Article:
Where was mom in all of this growing up?
That has been a big part of my existence online. I’m processing my relationship with my mother. She’s mentally unwell. She was fat when I was a child and got gastric bypass and that really dramatically affected our ability to have a relationship. She was always really really abusive about my weight and again, that’s about my mom, but the way she was raised to believe things about her body. She never just let me figure it out on my own. We don’t speak anymore because of it because I kept realizing I have created this family online and I’ve been able to make friends in my real life where I get the kind of support I wanted from her.
What do you hope for?
We’ve made really big steps to include more body types and styles, but there’s a problem that happens with all plus-size designers. There’s only a certain kind of fat person they’re wiling to cater to because we exist and we want to look cute and we want to feel good. I think stopping plus size fashion at 26 is still really dehumanizing to people who go beyond that size. I’d like to see stuff my partner could wear, less gendered specific and pink butterflies! They love to f*cking put butterflies on plus-size clothes. I guess we’ve gotten really far ahead, but there’s still so much further to go, and I’m excited to see as more indie designers get publicity there’s a lot of really exciting things happening. We want to look good and there’s no reason why we should have to wait to look good or we should have to pay $60 for a t-shirt.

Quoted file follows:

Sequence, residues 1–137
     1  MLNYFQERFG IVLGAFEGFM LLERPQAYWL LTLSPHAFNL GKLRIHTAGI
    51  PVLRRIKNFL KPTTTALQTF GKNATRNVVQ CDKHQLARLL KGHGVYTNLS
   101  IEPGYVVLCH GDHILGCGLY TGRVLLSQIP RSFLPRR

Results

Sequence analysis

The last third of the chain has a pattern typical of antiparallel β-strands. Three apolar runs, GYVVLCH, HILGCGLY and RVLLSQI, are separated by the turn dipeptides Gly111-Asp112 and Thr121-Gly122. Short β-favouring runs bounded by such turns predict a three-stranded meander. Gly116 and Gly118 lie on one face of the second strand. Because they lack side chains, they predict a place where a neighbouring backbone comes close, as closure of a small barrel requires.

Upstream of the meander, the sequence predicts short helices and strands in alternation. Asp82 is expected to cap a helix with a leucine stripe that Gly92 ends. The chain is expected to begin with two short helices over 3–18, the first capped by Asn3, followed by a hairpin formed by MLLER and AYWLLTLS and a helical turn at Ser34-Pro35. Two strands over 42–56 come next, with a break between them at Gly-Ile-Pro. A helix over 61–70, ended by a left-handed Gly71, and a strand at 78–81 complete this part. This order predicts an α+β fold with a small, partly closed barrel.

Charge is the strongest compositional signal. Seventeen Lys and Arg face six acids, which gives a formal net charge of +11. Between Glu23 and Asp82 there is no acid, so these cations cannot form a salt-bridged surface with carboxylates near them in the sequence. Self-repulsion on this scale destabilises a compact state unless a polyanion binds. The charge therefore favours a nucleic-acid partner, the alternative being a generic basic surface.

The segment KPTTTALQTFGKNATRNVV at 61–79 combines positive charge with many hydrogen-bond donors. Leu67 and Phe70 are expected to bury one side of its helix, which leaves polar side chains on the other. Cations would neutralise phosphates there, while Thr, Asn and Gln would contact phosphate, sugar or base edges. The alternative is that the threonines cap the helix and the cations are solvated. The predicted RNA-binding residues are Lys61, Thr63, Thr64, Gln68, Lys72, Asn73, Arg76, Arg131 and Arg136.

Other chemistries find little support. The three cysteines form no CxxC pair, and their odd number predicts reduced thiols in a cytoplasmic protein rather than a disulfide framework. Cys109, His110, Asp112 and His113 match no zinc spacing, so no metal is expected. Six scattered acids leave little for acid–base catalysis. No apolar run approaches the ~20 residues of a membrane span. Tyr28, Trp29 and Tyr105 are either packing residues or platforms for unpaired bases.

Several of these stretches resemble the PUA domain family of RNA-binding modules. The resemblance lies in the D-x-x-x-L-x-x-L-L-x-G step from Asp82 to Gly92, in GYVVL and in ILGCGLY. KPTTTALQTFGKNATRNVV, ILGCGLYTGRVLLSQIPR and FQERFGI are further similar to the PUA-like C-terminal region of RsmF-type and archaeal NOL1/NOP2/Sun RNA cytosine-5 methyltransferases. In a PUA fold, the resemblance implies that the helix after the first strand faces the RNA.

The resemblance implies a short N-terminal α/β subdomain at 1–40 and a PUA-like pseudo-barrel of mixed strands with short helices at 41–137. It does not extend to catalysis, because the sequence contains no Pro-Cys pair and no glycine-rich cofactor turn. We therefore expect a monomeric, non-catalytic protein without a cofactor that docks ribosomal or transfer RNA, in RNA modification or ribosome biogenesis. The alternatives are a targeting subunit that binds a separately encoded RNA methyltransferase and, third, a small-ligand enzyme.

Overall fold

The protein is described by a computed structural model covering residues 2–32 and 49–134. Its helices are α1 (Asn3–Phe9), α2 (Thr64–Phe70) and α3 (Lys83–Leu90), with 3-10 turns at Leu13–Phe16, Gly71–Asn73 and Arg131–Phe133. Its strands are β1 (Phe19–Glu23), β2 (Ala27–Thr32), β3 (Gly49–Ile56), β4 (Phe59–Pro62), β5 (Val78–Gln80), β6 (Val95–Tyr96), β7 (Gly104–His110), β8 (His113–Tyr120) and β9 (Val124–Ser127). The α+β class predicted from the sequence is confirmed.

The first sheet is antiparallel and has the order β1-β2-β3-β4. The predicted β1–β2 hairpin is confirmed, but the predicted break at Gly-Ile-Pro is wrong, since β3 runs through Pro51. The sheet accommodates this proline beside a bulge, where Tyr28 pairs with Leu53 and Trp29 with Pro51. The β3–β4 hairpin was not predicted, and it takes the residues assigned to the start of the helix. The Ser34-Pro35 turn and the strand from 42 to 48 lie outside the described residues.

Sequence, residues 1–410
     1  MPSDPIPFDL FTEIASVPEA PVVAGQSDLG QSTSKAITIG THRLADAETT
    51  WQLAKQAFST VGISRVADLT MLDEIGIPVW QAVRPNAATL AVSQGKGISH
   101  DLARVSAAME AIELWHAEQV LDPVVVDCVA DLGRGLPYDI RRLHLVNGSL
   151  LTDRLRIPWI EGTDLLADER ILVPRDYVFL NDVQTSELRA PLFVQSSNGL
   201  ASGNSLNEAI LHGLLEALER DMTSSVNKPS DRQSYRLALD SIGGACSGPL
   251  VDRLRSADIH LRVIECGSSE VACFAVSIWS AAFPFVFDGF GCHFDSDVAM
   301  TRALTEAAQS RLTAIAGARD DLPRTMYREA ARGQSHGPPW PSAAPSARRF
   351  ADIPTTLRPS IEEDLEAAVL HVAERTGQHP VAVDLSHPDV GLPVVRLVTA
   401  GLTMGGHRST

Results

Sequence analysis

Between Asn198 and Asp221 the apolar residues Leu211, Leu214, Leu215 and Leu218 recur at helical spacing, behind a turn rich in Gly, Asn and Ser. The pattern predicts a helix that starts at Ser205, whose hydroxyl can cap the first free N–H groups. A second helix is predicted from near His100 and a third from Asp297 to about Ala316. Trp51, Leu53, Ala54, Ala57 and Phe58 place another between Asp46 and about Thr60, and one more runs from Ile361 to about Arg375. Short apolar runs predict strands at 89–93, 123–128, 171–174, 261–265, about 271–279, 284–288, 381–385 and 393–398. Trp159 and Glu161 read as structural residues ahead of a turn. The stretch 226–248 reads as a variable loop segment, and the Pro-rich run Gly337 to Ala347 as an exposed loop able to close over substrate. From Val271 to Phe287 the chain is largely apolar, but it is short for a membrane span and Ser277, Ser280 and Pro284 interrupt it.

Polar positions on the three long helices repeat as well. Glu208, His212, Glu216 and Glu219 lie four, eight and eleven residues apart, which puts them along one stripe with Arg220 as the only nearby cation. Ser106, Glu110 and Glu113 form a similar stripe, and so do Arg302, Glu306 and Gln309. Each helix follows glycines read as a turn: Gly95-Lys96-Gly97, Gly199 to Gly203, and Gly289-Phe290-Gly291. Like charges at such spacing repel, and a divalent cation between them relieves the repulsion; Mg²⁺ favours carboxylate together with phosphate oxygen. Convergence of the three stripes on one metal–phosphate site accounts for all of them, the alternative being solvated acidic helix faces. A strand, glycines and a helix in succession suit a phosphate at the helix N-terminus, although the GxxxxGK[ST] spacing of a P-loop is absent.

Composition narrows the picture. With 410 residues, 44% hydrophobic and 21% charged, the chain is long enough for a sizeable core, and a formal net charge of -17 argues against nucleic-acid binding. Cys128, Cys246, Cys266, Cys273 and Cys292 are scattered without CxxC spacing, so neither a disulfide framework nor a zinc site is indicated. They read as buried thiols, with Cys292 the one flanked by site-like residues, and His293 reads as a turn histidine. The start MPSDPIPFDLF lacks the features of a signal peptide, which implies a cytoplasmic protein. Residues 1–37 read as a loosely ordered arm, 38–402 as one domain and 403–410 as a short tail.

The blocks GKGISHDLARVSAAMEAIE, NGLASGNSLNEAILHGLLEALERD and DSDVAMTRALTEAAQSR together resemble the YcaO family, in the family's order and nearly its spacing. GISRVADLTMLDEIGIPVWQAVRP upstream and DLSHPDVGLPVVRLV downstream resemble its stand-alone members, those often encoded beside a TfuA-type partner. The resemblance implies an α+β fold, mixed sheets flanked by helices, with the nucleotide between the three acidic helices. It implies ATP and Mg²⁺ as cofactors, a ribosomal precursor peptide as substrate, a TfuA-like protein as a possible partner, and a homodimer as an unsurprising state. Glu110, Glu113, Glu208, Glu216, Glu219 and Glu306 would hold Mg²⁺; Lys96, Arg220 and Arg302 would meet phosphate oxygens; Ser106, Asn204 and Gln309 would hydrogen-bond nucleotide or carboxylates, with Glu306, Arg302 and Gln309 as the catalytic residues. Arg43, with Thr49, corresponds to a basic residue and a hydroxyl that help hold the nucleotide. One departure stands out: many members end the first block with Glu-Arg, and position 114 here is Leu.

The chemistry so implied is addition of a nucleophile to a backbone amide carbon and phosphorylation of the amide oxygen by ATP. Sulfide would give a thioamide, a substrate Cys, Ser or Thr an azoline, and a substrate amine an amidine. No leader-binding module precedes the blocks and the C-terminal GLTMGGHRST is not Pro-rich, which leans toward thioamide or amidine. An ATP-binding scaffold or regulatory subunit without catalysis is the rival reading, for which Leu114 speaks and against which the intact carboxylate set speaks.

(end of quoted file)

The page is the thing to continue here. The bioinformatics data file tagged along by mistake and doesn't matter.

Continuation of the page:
*her internet name that she uses to protect her privacy.
Editor’s note: Due to fact that the interview subject misspoke in one instance during this interview, her response has been adjusted to reflect her true intentions.